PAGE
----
Drew Haran, a Toronto-based photographer who will literally stop traffic for the perfect shot. The man is just a genius, we saw this – and we are glad that Drew Haran is an artist featured in the most recent issue of KA – Vol.6 with his Editorial “Man”. We’ve decided to give you an insight into Haran’s way of seeing the world, as well as a behind the scene’s look at the Editorial Photoshoot, taken in the beautiful penthouse suite of the Hazelton Hotel in Toronto.
Throughout our interview, we got a sense of his passion, and drive for the arts, which is evident through his breathtaking photography. Read on.
KA – You’ve said that your love for photography came to be when you purchased your first disposable camera at the age of 13. Describe the photos that you remember most, and that drew you into the art of photography.
DH – The one that stands out the most is a picture I took of a “STOP” sign. I took the picture so I could admire its geometry. In contrast I took pictures of the trees around me and the clouds above me. I suppose the commonality was this juxtaposition of the symmetry in the intimate objects we make, and the asymmetric patterns evolved through nature.
KA – In your photography, you show your preference for untouched work, in comparison to many photographers who rely on editing to effectively portray their vision. Isn’t it sometimes difficult to get your message across, and get the perfect image, without any editing?
DH – I think this comes back to my appreciation of natural asymmetric beauty. I rely on what’s to be captured in that moment to share my vision with other, rather than conceptualize how I can alter it. We have this fallacy that symmetry is beautiful so filters get added to make everything even out. There’s a truth in the untouched. I aim to make something that cannot be replicated, and that can only be done in the moment of time you take the shot.
KA – When looking at your photography, it is clear that you are willing to go to great lengths to get the most beautiful shots. What would you say has been your craziest experience in your career?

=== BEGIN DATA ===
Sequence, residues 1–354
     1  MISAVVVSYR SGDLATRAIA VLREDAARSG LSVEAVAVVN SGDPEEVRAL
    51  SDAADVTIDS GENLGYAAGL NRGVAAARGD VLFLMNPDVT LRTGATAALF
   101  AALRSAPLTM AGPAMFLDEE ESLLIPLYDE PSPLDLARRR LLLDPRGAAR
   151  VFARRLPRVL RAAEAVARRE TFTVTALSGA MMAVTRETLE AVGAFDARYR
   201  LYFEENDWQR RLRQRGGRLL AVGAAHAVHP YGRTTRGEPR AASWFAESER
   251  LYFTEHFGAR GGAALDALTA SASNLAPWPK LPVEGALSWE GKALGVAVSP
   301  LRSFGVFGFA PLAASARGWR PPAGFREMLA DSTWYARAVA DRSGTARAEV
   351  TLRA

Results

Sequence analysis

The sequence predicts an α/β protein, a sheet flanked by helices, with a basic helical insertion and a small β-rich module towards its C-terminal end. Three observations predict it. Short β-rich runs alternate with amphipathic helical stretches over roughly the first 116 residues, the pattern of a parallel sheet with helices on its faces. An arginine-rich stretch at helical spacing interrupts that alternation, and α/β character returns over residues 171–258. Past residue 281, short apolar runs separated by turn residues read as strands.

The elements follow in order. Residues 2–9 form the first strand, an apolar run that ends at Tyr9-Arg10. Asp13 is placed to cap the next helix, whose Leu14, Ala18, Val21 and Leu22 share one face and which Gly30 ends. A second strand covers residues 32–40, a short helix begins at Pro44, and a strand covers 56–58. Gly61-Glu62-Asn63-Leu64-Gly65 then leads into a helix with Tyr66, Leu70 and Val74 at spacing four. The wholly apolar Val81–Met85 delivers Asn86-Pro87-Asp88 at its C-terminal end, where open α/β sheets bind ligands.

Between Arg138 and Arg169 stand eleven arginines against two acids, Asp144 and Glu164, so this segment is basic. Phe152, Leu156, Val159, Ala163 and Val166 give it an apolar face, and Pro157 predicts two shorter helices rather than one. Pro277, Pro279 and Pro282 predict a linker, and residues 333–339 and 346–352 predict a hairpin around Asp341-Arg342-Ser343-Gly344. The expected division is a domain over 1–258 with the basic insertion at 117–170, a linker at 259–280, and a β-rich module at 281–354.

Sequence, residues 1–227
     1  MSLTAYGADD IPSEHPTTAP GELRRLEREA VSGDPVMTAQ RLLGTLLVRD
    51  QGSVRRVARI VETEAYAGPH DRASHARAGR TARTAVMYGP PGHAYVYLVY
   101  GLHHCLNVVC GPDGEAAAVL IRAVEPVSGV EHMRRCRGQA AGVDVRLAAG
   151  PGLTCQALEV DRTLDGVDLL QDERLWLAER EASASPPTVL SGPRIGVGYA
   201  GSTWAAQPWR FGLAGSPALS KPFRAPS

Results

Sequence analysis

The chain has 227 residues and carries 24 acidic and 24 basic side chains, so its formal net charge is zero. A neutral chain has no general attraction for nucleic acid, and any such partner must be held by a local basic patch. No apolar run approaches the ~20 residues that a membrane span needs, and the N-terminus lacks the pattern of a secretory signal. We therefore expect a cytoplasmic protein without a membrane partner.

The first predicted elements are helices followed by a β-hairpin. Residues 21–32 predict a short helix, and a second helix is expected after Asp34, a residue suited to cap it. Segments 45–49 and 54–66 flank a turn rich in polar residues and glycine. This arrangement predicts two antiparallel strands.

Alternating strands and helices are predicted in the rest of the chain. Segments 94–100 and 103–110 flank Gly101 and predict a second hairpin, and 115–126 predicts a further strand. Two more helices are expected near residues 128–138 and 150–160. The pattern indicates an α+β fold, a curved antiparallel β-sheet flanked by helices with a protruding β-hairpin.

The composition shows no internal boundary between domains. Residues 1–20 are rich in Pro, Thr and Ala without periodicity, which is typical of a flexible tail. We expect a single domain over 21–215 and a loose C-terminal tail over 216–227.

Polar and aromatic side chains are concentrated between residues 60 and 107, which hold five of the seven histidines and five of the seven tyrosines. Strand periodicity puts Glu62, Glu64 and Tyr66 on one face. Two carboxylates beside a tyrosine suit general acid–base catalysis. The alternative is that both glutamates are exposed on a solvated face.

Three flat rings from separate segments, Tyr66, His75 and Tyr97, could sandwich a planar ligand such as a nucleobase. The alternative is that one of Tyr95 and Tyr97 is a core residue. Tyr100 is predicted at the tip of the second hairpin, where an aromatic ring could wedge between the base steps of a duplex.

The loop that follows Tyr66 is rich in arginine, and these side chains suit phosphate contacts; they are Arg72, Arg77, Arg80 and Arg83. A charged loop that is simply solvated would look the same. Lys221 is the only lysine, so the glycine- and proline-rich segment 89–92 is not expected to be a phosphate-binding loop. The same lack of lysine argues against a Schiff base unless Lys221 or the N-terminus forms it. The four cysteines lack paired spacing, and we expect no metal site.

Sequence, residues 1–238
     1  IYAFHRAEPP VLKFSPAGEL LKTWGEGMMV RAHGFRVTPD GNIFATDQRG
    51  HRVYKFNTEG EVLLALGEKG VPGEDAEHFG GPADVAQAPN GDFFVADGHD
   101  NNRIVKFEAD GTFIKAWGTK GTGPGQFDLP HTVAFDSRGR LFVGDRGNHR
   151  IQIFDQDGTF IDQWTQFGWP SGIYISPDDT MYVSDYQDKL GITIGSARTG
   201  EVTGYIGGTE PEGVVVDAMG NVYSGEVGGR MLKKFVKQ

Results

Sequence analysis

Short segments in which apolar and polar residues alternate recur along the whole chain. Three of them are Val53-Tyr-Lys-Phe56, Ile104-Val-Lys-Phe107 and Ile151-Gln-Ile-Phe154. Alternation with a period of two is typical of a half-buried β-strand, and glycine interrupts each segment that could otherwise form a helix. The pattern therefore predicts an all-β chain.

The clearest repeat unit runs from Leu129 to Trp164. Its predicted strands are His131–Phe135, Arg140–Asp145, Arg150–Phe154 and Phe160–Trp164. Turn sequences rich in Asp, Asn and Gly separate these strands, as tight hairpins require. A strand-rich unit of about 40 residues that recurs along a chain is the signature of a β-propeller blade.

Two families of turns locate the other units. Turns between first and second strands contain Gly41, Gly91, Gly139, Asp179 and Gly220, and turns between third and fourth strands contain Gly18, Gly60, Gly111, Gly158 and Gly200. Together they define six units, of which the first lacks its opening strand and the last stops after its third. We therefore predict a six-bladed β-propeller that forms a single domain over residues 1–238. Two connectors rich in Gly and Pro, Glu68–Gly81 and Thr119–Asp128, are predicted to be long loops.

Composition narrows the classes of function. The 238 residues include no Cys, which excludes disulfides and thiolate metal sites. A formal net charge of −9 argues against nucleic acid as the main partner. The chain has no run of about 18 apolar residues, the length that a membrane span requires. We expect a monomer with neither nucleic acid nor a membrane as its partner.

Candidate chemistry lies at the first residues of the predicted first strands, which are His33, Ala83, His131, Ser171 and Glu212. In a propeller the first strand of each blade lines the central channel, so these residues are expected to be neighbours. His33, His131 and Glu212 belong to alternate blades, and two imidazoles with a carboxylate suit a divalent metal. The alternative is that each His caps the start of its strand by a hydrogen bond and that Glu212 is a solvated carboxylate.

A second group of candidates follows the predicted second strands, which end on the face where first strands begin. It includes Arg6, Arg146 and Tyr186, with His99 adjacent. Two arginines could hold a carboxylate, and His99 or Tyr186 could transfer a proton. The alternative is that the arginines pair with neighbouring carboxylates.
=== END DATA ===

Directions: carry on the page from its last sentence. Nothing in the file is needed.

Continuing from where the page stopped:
DH – That would easily have to be on New Years Eve when I stopped traffic in the center of Dundas Square to photograph a couple.
KA – You say you enjoy shooting foreign subjects. Where in the world would be your ideal place to do so?
DH – Anywhere that has stood the test of time. Photography to me is about the preservation of a moment. I particularly want to go to Istanbul Turkey. So many civilizations, from the Greeks to the Byzantines to the Ottomans, have had their influence there. I’d love to capture what the amalgamation of all of those influences on that single landscape has created.
KA – Being an artist in Canada can sometimes be difficult in terms of recognition. Would you say it has been difficult for you to make a name for yourself?
DH – I’m mindful that we have a much smaller population than say, the US and an appreciation for artistic culture in Canada is in its adolescence; still trying to find its identity. My intention has never been to do more than preserve a moment for the unspoiled beauty of what it is. I find that there are many people out there that appreciate being able to share in that moment with me, and that alone makes me feel privileged.
KA – In your brief biography, you state that you one day hope to open up your own studio in Toronto for high fashion. When did your appreciation for fashion arise?
DH – I was very much inspired by the work of fellow photographer Ishmil Waterman. To me, fashion tied itself back to that simple admiration of geometry and patterns that made me pick up the camera in the first place.
KA – What would say is one of your biggest obstacles as an artist?
DH – As touched on earlier, it’s definitely being in a city that is still trying to find itself culturally. We all draw the comparisons to New York where artistic culture has well matured into an identity it is comfortable with. Toronto in contrast, is not comfortable with its artistic identity just yet. That means we will try to associate and identify with a city that has a matured identity, rather than trying to develop our own. We’ll get there though.
KA – You daily go around Toronto, as well as travel abroad in order get thousands of pictures. What would say is the photo you are most proud of?
DH – Without doubt, that would be my “Midnight in Times Square photo.” Manhattan has to be one of the busiest places on the planet, time square being the epicenter of it all. Being able to stop all that busyness and furthermore contain it in a single image is what I’m most proud of.
KA – In your biography, you also explain that the camera lens in simply an extension of your anatomical sight. How would you describe that feeling of being behind a camera?
DH – When I am behind the camera, I act as though the camera is not in front of me. I simply look at the world as I normally do, that doesn’t change, and when I see a moment that needs to be preserved and shared for its asymmetric truth, click!
KA – What is the overall message that you want people to take away from your art?
DH – I want people to appreciate the moment through images that are truthful. A photo is capturing light, which is energy, which we are all composed of. I want people to perceive that energy that resonates between them and others or them and the everyday life they take for granted and consequently appreciate how beautiful they are for making a connected contribution to that bigger picture.
BEHIND THE SCENES OF “MAN” EDITORIAL BY DREW HARAN – FOR KA MAGAZINE Vol. 6
KA Online Story by Ann-Kim Lineus